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By Tamlin H. Bason
The phrase “All In One” is routinely used by companies to indicate to consumers the all-inclusive nature of their services, and thus BIC Corp.'s use of the phrase to describe its comprehensive catalog was fair use and did not infringe the “All-In-One” trademark used by its owner to market customized writing instruments, the U.S. District Court for the Southern District of California held Nov. 7 (Marketquest Group Inc. v. BIC Corp., S.D. Cal., No. 3:11-cv-00618-JLS-WMC, 11/7/11).
The court, after determining that the BIC's use of the mark was likely to result in confusion, concluded that the fair use doctrine protected BIC's use of the descriptive phrase. Accordingly, the court declined to grant a preliminary injunction because it said that BIC would likely prevail on a fair use defense.
Marketquest Group Inc. owns four registered trademarks in connection with the “All-In-One” phrase. The marks are in connection with “writing instruments, namely, pens, pencils, markers, highlighting markers.” Marketquest does not sell the customized products individually to consumers, but rather markets its products to companies that buy customized products on a wholesale basis.
In addition to the All-In-One marks, Marketquest also has registrations for “The Write Choice,” which also relates to writing instruments. The marks were registered from 2001 to 2009
BIC Corp., a market leader with respect to the sale of writing instruments, acquired in 2009 Norwood Promotion Products LLC. BIC then printed a catalog that it marketed as “Norwood All in One,” which was a comprehensive catalog that listed all of Norwood's products.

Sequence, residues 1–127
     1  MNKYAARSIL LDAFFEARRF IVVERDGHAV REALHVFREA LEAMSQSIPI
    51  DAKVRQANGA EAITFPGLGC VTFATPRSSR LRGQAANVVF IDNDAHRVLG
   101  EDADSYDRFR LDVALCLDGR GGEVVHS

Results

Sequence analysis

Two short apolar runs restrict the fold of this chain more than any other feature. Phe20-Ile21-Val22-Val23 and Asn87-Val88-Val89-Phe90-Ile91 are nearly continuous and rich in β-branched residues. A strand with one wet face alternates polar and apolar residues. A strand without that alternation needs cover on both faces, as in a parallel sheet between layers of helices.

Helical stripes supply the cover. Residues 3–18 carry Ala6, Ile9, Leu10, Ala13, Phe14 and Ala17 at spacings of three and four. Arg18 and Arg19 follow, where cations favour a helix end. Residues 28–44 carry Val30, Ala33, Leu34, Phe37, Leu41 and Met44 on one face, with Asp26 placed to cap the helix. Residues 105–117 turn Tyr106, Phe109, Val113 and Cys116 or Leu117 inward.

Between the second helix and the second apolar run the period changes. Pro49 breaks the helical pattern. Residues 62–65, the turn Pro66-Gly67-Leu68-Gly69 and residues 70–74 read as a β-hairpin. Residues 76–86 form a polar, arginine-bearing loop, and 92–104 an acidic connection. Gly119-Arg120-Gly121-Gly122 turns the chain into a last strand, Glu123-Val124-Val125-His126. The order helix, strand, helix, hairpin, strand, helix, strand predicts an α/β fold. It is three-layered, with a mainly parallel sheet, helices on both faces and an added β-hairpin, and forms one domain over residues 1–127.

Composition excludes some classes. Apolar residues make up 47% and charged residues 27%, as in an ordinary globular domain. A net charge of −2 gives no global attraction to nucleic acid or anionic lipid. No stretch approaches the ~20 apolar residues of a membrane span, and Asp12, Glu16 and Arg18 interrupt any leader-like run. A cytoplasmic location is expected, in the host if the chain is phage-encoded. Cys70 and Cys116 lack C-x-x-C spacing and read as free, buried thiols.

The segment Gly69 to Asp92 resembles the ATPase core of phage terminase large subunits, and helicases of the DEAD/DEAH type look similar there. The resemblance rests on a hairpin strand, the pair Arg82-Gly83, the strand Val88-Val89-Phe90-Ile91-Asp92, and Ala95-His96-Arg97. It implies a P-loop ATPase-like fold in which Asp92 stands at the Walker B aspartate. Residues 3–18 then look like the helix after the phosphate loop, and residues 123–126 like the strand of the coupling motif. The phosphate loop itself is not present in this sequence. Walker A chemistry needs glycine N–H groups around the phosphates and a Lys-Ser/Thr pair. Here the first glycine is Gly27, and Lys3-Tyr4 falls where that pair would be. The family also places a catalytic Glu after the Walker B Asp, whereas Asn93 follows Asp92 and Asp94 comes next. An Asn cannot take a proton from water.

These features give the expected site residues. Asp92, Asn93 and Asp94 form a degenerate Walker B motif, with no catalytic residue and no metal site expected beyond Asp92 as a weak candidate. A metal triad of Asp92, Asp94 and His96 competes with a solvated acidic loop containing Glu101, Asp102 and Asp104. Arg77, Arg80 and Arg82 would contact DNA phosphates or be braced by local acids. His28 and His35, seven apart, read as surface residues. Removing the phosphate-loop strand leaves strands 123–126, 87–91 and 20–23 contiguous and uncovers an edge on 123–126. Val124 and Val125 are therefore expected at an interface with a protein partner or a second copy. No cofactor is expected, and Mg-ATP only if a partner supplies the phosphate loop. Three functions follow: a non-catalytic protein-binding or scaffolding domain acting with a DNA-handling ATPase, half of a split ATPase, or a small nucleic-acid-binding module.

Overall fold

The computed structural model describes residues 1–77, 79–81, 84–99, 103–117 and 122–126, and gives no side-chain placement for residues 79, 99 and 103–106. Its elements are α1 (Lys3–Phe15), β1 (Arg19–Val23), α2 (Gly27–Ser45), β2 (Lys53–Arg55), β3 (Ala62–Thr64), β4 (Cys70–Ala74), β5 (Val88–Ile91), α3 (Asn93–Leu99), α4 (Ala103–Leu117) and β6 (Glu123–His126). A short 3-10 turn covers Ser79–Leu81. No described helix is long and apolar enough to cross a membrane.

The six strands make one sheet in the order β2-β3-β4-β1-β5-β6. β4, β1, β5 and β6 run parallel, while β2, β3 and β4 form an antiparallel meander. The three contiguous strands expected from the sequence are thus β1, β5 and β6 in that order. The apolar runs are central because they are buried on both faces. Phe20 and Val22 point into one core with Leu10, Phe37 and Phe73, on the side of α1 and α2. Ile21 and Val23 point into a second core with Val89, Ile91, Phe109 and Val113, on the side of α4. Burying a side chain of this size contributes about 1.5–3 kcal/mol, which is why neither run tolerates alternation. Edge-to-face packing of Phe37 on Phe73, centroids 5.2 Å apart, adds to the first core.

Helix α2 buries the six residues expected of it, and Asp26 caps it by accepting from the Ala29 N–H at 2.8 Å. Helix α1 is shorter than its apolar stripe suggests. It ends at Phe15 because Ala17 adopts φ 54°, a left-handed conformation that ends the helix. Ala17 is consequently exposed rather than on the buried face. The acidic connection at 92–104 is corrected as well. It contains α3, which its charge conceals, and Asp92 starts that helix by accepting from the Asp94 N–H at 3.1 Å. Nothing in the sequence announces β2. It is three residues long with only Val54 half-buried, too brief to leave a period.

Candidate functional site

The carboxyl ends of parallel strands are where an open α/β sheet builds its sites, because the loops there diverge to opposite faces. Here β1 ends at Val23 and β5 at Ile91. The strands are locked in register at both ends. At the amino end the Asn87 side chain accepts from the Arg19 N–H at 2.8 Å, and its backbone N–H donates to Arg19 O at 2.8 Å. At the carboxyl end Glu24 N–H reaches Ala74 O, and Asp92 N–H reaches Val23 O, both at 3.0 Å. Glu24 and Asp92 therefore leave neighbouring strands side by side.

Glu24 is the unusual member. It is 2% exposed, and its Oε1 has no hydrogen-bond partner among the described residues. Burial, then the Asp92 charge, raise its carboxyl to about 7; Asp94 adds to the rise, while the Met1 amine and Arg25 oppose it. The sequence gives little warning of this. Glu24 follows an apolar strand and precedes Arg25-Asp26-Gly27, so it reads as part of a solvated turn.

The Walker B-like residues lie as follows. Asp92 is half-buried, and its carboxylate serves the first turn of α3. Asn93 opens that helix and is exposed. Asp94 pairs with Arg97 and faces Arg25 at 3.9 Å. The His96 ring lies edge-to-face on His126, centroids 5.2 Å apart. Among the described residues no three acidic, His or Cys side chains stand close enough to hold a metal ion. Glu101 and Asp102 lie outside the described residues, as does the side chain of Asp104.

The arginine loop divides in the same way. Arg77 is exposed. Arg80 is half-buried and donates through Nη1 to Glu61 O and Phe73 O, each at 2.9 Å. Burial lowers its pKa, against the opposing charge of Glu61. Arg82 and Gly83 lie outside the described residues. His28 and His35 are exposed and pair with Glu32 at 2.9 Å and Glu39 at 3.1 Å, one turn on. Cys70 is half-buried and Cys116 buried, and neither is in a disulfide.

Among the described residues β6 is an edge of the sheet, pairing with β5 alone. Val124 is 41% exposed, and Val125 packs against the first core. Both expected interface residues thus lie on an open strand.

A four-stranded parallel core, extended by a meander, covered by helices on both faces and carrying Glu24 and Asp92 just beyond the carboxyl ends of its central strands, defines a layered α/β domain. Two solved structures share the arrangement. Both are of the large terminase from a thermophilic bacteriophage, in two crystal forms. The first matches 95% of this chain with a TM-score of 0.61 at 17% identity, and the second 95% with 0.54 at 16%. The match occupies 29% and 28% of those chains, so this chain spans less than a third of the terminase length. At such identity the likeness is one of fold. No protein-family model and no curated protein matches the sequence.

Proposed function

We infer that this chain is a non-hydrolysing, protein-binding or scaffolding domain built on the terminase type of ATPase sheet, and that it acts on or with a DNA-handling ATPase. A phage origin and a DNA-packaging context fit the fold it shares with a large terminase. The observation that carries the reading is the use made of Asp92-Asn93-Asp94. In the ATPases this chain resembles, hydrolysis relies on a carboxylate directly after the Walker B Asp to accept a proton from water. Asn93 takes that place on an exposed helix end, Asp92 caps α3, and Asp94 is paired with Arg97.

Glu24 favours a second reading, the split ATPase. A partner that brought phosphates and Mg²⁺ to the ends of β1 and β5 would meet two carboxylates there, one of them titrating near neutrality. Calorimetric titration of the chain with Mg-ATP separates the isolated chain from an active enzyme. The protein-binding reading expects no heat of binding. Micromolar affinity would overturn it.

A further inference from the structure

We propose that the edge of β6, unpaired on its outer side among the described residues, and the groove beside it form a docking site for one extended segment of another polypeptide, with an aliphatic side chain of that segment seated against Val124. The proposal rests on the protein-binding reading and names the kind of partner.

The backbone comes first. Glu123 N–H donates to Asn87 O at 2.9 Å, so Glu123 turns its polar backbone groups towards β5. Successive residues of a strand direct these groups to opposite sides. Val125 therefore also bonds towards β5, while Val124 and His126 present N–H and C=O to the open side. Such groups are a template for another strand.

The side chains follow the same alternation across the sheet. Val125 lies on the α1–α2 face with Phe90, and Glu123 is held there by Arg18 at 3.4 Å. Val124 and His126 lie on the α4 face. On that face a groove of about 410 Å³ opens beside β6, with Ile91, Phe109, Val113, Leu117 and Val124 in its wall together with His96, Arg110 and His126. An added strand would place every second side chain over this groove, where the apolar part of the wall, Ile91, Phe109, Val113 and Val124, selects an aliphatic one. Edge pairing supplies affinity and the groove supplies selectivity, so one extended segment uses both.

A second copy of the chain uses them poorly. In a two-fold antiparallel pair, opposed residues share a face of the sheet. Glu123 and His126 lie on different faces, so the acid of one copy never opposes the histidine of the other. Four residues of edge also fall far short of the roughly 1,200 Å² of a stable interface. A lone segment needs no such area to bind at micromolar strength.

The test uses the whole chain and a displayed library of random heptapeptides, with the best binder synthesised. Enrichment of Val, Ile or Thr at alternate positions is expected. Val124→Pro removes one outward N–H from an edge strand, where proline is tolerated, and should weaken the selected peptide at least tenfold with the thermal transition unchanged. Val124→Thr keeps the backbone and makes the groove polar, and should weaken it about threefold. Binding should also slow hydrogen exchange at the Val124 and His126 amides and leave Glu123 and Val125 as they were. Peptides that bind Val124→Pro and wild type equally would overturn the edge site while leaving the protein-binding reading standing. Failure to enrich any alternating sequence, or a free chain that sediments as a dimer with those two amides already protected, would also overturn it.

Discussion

Marketquest also alleged that in 2010 BIC began using the phrase “The Write Pen Choice” to market its products.
Marketquest filed suit alleging that its All-In-One and The Write Choice marks were being infringed. The complaint alleged trademark infringement under 15 U.S.C. § 1114(1), unfair competition under 15 U.S.C. § 1125(a), and state law trademark infringement.
Marketquest also requested a preliminary injunction with respect to BIC's use of the All in One phrase.
As articulated by the Supreme Court in Winter v. Natural Resource Defense Council Inc., 129 S. Ct. 365 (2008), a preliminary injunction can only issue if the plaintiff can demonstrate: (1) a likelihood of success on the merits; (2) a likelihood that it will suffer irreparable injury if the injunction is not issued; (3) that a balance of the equities favor injunction; and (4) that an injunction will serve the public interest.
The court determined that a thorough analysis of all four factors was not necessary in the immediate case because it concluded that BIC's use of the term was likely fair use, and therefore Marketquest could not satisfy the first prong of the test.
As an initial matter, the court rejected BIC's argument that the mark had been either abandoned or fraudulently obtained. BIC claimed that Marketquest never intended to sell the products bearing the All-in-One logo in commerce—as it stated on its application—“rather, it intended to sell and in fact did sell versions of these products customized with the marks of clients.” BIC. Thus, BIC argued that the mark was either obtained fraudulently, in violation of 15 U.S.C. § 1115(b)(1), or was abandoned under 15 U.S.C. § 1115(b)(2). The court disagreed.
Use in commerce, as defined by the Lanham Act, is “the bona fide use of a mark in the ordinary course of trade,” 15 U.S.C. § 1127. Quoting In re Morganroth, 208 USPQ 284 (TTAB 1980), the court said, “A trademark need not ‘appear in any particular position on the goods' … Instead, the key to the use in commerce inquiry is whether Marketquest used the mark as a trademark, to identify the source of the gods or services.”
Judge Janis L. Sammartino said that it was likely that Marketquest could establish that its use of the mark was bona fide, and thus it did not fraudulently obtain the mark by misleading the Patent and Trademark Office with its application.
Similarly, the court said that there was no evidence that the mark had been abandoned by Marketquest. Rather, the court concluded that the mark was properly registered, and had been in use for over five years and therefore was “incontestable” under 15 U.S.C. § 1065.